Avivi Yavin memorial Physics Colloquium: Fundamentally cool physics with trapped atoms and ions

Dan Melconian, Texas A&M

23 April 2017, 14:00 
Shenkar Building, Melamed Hall 006 
Physics Colloquium


Nuclear decay has a long-standing history of shaping and testing the standard model of particle physics, and it continues to this day with elegant, ultra-precise low-energy nuclear measurements. Experiments observing the angular correlations between the electron, neu-trino and recoil momenta following nuclear decay can be used to search for exotic currents contributing to the dominant (V − A) structure of the weak interaction. Precision mea-surements of the correlation parameters to < 0.1% would be sensitive to (or meaningfully constrain) new physics, complementing other searches at large-scale facilities like the LHC.


Atom and ion traps provide an ideal source of very cold, short-lived radioactive nuclei in an extremely clean and open environment. As such, they are invaluable tools for precision measurements of -decay parameters. At the Cyclotron Institute, we have built the Texas A&M University Penning trap (TAMUTRAP) facility which will be used to study -delayed proton decays of neutron-deficient isotopes. The TRIUMF Neutral Atom Trap (TRINAT) collaboration utilizes neutral atom-trapping techniques with optical pumping methods to highly polarize (> 99%) 37K atoms. Recently, we determined the asymmetry parameter, A , to 0.3%, which is comparable to or better than any other nuclear measuement, including the neutron. In terms of minimal left-right symmetric models, this implies a limit of 351 GeV for the mass of a possible right-handed W. Alternatively, one may interpret the result as a 4.4× better measurement of Vud from 37K: 0.9745(25) s.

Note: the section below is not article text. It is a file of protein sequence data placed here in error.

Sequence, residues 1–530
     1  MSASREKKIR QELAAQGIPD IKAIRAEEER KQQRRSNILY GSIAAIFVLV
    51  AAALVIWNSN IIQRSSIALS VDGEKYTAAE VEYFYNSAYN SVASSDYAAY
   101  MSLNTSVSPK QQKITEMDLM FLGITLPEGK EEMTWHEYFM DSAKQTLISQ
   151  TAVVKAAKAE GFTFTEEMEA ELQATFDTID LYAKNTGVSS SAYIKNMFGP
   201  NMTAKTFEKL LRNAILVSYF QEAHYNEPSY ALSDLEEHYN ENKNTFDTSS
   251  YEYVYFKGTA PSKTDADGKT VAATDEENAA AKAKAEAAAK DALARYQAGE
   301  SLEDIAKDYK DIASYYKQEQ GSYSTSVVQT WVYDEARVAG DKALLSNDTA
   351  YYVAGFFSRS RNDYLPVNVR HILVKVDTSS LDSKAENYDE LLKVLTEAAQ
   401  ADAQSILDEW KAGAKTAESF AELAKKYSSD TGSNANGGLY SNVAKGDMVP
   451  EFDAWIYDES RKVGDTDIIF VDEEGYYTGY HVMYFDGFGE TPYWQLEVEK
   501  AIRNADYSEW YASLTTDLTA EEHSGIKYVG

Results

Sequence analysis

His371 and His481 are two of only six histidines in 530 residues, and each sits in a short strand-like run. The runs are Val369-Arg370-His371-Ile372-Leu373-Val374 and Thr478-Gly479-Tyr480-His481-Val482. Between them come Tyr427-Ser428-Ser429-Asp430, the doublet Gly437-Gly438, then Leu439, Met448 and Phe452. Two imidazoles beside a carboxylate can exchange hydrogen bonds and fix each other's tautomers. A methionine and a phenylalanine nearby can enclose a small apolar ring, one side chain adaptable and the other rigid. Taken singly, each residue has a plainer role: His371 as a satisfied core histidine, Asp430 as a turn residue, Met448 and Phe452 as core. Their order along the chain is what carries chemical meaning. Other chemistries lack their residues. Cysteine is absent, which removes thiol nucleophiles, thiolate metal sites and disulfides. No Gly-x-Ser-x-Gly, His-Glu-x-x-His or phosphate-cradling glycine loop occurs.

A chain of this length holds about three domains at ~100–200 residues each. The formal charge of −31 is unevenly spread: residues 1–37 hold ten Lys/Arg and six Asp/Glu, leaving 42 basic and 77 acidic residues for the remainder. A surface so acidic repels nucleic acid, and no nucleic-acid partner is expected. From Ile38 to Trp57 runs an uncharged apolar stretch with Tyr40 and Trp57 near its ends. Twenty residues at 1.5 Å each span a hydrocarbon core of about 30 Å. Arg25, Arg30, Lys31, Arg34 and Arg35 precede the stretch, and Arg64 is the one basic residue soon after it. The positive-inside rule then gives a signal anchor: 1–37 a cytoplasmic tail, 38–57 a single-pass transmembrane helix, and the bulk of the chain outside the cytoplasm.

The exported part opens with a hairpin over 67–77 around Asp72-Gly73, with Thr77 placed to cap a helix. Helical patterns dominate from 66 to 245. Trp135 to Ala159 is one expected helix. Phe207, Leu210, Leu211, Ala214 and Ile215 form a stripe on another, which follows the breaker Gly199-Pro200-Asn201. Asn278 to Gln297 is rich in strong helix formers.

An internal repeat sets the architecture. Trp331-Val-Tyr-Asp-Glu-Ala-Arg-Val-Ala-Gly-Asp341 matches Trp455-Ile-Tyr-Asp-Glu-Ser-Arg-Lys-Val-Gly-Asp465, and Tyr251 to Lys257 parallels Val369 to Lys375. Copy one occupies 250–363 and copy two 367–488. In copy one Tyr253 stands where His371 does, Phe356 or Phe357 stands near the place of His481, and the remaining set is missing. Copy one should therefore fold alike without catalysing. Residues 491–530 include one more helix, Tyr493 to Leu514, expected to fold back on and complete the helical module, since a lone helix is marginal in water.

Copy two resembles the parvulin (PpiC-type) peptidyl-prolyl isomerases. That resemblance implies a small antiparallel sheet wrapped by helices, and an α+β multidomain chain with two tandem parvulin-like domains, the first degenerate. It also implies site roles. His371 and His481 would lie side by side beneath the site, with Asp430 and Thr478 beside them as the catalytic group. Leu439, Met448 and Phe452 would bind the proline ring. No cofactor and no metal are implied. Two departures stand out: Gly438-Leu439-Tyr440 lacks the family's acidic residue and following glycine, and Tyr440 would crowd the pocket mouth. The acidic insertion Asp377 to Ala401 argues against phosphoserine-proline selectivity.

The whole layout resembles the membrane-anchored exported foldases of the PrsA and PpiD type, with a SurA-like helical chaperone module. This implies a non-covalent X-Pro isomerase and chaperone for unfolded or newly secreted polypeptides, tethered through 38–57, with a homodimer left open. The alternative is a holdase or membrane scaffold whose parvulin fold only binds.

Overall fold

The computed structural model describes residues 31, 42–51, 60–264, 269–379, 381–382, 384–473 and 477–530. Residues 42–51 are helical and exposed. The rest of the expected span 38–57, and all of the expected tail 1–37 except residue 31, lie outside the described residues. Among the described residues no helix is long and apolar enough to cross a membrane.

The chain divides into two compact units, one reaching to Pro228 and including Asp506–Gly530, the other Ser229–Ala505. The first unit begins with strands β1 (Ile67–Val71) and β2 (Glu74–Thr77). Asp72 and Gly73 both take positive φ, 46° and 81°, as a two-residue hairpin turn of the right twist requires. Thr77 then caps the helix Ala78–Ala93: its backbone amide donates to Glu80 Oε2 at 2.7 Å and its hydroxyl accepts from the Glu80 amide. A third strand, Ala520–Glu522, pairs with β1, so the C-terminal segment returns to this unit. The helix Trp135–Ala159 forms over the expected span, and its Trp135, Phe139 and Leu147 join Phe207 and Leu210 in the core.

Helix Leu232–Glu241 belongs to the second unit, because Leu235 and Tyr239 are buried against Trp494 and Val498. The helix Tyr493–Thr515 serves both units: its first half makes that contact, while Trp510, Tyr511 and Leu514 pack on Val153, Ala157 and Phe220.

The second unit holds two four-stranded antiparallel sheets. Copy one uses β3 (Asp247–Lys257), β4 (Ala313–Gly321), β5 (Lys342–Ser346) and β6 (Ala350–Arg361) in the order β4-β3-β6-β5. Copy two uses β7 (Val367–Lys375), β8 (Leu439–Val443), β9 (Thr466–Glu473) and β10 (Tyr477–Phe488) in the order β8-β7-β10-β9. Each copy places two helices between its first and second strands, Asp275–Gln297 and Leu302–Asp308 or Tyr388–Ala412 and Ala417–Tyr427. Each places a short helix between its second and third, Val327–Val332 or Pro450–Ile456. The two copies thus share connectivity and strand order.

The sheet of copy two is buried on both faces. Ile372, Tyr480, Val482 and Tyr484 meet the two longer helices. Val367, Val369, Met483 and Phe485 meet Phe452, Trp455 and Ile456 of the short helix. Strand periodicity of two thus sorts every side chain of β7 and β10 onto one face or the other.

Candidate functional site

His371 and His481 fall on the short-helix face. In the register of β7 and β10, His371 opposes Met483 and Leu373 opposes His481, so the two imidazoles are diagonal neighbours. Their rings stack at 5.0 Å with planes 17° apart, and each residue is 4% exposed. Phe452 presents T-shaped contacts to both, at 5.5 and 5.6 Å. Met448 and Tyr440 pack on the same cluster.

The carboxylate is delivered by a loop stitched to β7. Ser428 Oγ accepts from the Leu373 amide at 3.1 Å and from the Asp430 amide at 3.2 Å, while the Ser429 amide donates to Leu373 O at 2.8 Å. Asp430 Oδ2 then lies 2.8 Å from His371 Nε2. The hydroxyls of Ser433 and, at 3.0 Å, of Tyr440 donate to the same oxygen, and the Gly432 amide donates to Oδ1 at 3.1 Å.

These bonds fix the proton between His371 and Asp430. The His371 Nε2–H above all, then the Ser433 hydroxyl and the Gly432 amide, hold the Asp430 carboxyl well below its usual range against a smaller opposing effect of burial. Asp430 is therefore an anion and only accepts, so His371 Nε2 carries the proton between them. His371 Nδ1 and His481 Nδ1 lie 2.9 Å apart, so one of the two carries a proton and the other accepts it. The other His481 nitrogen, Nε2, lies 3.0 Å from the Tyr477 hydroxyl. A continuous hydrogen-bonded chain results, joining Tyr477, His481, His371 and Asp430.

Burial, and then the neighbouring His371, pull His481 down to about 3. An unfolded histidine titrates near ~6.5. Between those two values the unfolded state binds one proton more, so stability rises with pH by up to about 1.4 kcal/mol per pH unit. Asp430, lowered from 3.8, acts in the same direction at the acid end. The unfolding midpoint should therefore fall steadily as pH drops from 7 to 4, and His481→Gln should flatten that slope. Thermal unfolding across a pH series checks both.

This talk will explain how we take advantage of modern trapping techniques to measure the angular distribution of -decaying nuclei. I will cover the progress that has been made on TAMUTRAP, and discuss in more detail the recent polarization and A measurements made by TRINAT.



Event Organizer: Prof. Marek Karliner


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